June 22, 2008
June 22, 2008
June 25, 2008
13.592.1 - 13.592.19
Experiential Learning in Vehicle Dynamics Education via Motion Simulation
Many leaders in engineering education have advocated the use of active, student-centered instruction in engineering courses. Engineering educators have also been challenged to incorporate more authentic learning situations using inquiry, project-based instruction, and increase opportunities for student collaboration and communication. This paper describes the innovative use of a motion simulation-based framework to provide active student participation in authentic engineering experiences for learning about dynamic systems. The project’s theoretical underpinnings are based on situated learning where new educational material is presented in an authentic context, and social interaction and collaboration are required for learning to occur. Through a learner-centered approach, students use physical simulation and large-scale visualization to discover the impact that design decisions have on a dynamic system, while gaining hands-on experience in configuring and operating vehicle simulation hardware and software. The application of the framework is demonstrated by the development of an adaptable learning experience model for an introductory vehicle dynamics course. This paper reports on work done under National Science Foundation Grant DUE-0633596 in the Course, Curriculum and Laboratory Improvement (CCLI) program.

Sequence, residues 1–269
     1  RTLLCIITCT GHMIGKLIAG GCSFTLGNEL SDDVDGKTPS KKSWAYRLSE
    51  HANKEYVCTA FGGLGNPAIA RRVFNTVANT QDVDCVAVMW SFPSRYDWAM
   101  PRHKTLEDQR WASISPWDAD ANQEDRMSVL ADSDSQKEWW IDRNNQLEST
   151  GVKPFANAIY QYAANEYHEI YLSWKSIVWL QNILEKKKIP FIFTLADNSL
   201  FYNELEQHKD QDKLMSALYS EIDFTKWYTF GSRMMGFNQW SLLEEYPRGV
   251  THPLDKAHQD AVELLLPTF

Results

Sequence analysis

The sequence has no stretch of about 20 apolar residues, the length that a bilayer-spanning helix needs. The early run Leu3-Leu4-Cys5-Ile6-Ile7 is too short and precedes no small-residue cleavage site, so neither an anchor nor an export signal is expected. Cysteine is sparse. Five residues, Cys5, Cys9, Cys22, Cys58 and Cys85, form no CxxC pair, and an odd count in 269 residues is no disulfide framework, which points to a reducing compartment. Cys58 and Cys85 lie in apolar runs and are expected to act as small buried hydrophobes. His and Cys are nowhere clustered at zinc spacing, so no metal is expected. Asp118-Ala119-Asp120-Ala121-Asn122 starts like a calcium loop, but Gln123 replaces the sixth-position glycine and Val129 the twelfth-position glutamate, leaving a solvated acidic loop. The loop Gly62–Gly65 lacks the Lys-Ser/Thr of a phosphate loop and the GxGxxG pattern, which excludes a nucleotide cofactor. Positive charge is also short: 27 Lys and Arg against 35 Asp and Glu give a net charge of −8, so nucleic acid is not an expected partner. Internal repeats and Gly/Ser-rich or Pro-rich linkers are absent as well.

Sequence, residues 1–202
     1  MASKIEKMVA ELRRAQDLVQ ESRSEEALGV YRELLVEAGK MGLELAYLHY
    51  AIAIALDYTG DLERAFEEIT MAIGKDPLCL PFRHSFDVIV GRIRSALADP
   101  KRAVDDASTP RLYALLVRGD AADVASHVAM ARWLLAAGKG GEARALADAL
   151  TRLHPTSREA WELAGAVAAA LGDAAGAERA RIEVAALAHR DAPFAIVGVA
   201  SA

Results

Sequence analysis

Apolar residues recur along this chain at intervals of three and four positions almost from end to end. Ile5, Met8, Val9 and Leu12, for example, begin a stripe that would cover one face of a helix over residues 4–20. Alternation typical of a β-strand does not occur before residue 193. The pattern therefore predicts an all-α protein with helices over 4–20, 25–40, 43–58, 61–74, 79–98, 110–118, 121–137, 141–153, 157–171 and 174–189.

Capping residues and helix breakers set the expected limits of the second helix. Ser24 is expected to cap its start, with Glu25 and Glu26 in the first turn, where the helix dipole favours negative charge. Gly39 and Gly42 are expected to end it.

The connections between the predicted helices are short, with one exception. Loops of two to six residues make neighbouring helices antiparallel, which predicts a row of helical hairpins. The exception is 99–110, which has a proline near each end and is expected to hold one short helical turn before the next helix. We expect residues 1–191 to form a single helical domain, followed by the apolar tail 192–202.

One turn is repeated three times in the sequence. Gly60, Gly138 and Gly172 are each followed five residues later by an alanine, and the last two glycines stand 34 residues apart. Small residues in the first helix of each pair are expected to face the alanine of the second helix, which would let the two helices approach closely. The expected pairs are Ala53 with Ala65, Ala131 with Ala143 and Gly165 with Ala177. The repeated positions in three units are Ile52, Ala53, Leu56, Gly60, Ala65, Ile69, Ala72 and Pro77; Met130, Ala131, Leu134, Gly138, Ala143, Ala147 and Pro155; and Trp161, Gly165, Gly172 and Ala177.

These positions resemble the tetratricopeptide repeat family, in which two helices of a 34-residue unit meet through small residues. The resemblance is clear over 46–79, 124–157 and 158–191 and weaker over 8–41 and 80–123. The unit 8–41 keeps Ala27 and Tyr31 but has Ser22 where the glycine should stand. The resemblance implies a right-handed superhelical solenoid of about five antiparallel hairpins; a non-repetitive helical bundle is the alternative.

Introduction and Motivation: Macro-Level
Relating theoretical and analytical results to real-world phenomena is one of the most difficult tasks in engineering education. While equations and graphs are the language of engineering, such language is necessarily an abstraction of reality. Part of a student’s education is learning how to work in a world of equations and graphs while applying the results to real-world products and systems. Many attempts to cross this gap are used by educators, including in-class demonstrations, laboratory experiments, videos and computer graphic simulations1-4, in response to the President’s Information Technology Advisory Council (PITAC) recommendation5 for the development of technologies for education and training that use simulation, visualization, and gaming to actively engage students in the learning experience. In the same report, PITAC also recommended the development of educational experiences that provide learners with access to world-class facilities and experiences using either actual or simulated devices. The national science standards also challenge science educators to rethink the teaching of science6-7.
As science can be taught as a process8, so can engineering. However, Felder, Woods, Stice, and Rugarcia9 claim that engineering classrooms typically have an instructor at the front of the room, imparting information, while students take notes. This type of instruction does not capitalize on the challenge and creativity that should be inherent in the study of any subject, especially one like engineering, nor does this traditional instruction align with Accreditation Board for Engineering and Technology (ABET) requirements for teaching communication and teamwork10. Williams11 states that engineering education has “been scrutinized and found inadequate to prepare its students for technical work in the twenty-first century” (p. 149) and claims that ABET's new accreditation requirements including integrated communication and interpersonal
Kasprzak, E., & Hulme, K., & Moore-Russo, D., & English, K., & Lewis, K. (2008, June), Experiential Learning In Vehicle Dynamics Education Via Motion Simulation Paper presented at 2008 Annual Conference & Exposition, Pittsburgh, Pennsylvania. 10.18260/1-2--3689
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